Before long, we had pulled a U-turn (legally, of course) and were on the road to Success.

Road Sign to Success
Turn here for Success! (Photo by Janet Beagle)

This prompted a great deal of conversation on – you guessed it – success.

“What’s your definition of success?” my friend asked.

“Well, my interview answer is to be in a position where I can constantly learn new things.”

“And your non-interview answer?”

“Probably the same thing,” I admitted.

“I don’t think we can ever really be successful. Success is like this perfect ideal we strive for but never really achieve,” my friend commented.

We talked about work and whether work-in-progress could be deemed successful or whether an event needed to be completed before it could be labelled. We talked about relationships and successful people. We talked about the difference between success and contentment or success and happiness. We concluded that success was not an easy word to define. Apart from being a very small town in Arkansas.

Despite our meandering conversation, it turned out Success was only a few minutes from where we had started. (And to think we almost missed it!) Very few people live in Success – only 180 according to the population sign. It seemed like a nice enough place, but for us, Success was fleeting. We had miles to go before we slept, so we captured a few photos on the edge of town, and then continued on our way. I wonder how often the Successians look out their windows to see crazy tourists snapping pictures of their population sign?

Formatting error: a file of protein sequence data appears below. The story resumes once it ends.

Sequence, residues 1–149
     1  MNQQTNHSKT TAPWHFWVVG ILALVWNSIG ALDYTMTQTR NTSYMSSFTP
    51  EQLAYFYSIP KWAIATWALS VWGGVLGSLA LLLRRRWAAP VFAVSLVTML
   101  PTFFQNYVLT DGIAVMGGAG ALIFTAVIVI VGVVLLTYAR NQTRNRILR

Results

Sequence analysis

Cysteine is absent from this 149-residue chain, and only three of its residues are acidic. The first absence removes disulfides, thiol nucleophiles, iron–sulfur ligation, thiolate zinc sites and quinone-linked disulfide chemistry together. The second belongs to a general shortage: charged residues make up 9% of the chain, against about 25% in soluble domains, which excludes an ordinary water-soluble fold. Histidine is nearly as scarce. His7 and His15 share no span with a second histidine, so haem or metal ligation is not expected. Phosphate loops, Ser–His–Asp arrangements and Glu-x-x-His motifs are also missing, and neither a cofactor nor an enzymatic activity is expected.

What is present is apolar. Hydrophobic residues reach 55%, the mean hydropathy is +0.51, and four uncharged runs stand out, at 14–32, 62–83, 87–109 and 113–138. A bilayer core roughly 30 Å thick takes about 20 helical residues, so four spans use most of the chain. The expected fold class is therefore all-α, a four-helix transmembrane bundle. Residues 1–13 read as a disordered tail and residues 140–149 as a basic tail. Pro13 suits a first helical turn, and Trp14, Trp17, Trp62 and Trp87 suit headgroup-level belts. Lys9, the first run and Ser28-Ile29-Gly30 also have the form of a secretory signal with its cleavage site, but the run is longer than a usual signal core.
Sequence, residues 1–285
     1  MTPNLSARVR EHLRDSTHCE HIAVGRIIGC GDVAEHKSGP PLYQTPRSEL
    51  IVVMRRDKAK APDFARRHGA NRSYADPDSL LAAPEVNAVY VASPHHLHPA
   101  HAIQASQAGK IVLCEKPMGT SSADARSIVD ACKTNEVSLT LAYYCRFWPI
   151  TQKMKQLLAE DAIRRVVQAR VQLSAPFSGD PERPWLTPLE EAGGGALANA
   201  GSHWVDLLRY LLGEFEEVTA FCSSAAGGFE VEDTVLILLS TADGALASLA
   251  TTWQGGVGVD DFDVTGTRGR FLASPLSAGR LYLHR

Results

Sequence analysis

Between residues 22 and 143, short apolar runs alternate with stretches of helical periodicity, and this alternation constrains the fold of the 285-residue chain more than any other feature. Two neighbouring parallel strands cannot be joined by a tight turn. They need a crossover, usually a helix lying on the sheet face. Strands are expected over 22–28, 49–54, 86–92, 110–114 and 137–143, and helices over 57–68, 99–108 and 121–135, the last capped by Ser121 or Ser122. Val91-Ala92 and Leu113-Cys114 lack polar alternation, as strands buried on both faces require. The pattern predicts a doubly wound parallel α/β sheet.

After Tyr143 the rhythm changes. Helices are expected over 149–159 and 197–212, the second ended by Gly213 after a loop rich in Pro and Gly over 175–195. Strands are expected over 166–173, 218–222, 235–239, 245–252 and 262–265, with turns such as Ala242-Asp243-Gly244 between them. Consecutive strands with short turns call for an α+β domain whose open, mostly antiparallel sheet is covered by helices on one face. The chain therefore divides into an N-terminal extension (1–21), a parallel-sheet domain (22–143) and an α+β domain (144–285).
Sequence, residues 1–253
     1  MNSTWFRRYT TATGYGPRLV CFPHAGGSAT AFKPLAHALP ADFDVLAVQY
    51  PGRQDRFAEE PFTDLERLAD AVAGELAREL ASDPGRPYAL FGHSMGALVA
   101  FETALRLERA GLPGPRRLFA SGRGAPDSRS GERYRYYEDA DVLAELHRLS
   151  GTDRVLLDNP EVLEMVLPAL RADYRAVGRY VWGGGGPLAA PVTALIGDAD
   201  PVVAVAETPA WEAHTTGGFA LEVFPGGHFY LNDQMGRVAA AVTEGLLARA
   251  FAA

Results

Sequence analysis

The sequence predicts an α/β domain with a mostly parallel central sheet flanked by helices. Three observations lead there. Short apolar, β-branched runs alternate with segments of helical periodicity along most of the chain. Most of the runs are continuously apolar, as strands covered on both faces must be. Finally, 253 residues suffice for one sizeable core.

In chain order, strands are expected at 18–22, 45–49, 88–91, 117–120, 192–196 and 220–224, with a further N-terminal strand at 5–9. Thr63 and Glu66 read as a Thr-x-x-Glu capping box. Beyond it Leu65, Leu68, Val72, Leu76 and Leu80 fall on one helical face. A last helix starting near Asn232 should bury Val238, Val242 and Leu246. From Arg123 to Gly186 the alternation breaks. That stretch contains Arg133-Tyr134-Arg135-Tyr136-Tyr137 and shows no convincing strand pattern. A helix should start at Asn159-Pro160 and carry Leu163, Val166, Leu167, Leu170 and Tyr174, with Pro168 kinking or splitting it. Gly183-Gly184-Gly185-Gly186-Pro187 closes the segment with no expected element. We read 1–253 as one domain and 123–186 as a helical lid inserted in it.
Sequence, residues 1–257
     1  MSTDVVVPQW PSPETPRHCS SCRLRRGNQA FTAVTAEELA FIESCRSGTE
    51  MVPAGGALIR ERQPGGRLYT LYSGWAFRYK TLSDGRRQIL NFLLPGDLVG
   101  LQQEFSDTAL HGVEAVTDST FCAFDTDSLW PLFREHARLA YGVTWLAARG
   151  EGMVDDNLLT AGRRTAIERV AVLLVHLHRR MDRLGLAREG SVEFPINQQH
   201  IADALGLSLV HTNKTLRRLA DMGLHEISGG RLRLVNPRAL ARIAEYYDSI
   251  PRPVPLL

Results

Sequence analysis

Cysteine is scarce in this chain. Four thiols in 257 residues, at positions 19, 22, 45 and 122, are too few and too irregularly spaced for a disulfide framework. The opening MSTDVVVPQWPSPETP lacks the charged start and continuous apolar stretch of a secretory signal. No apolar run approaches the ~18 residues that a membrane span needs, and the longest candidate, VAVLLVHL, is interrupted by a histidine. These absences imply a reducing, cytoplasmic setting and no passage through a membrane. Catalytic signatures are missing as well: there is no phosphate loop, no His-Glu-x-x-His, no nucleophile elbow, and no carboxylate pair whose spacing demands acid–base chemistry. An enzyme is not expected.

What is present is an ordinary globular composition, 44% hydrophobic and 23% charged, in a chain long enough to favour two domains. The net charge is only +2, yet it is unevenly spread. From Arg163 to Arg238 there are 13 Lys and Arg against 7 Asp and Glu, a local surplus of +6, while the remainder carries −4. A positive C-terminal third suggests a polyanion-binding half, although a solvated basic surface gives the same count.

In the weeks since I’ve returned from our detour, I’ve often pondered the term. So often “success” is associated with fame, monetary wealth, prestige, or power. In today’s culture, it seems to be obtained in a winner-take-all rush for the top with little regard to the methods used to get there. Yet the Bible gives us a very different definition. “Do not let this Book of the Law depart from your mouth; meditate on it day and night so that you may be careful to do everything written in it. Then you will be prosperous and successful.” (Joshua 1:8) In God’s design, we become successful when we follow His commandments, not the whims of the world. Again and again the history of Israel shows us how generations who were obedient to God thrived, and how those who turned away from God were overthrown. In God’s design, success is not a location to drive through and snap pictures; it is a way of life walking in obedience with Him. It is a journey we take with Him securely at our side.

Town of Success Sign
You never know when God might take you on a detour through Success. (Photo by Janet Beagle)

I encountered my favorite definition of success just the other day embedded in one of those email forwards I usually delete. In it, a little girl asked her grandmother for her definition.

“Success,” she replied, “is when you look back at your life and the memories make you smile.”

What kind of memories are you building? Are they the kind that will bring a smile to both your and God’s face? It is a new day and a new opportunity to start your journey. Take the time to reach out to others, to work hard, to spend time with those you love. Listen to God’s guiding voice. He may just send you on a little detour through Success.

This blog was originally posted May 10, 2016 at http://www.inspireafire.com/on-the-road-to-success/. 

Waiting

I recently found myself in the midst of a possible house purchase.